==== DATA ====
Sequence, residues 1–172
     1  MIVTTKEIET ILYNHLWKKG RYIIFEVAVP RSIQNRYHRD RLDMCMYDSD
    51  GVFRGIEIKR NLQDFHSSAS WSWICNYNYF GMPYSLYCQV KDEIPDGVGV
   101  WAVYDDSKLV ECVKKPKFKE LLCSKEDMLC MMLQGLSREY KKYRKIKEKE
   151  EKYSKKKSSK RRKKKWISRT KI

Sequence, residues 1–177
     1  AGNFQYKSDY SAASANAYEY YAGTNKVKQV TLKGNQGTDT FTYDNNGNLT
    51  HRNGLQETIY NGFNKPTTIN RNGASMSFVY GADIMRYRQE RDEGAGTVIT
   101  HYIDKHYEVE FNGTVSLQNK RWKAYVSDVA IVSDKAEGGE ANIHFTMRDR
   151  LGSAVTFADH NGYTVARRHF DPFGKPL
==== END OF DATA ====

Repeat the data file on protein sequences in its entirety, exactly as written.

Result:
Sequence, residues 1–172
     1  MIVTTKEIET ILYNHLWKKG RYIIFEVAVP RSIQNRYHRD RLDMCMYDSD
    51  GVFRGIEIKR NLQDFHSSAS WSWICNYNYF GMPYSLYCQV KDEIPDGVGV
   101  WAVYDDSKLV ECVKKPKFKE LLCSKEDMLC MMLQGLSREY KKYRKIKEKE
   151  EKYSKKKSSK RRKKKWISRT KI

Sequence, residues 1–177
     1  AGNFQYKSDY SAASANAYEY YAGTNKVKQV TLKGNQGTDT FTYDNNGNLT
    51  HRNGLQETIY NGFNKPTTIN RNGASMSFVY GADIMRYRQE RDEGAGTVIT
   101  HYIDKHYEVE FNGTVSLQNK RWKAYVSDVA IVSDKAEGGE ANIHFTMRDR
   151  LGSAVTFADH NGYTVARRHF DPFGKPL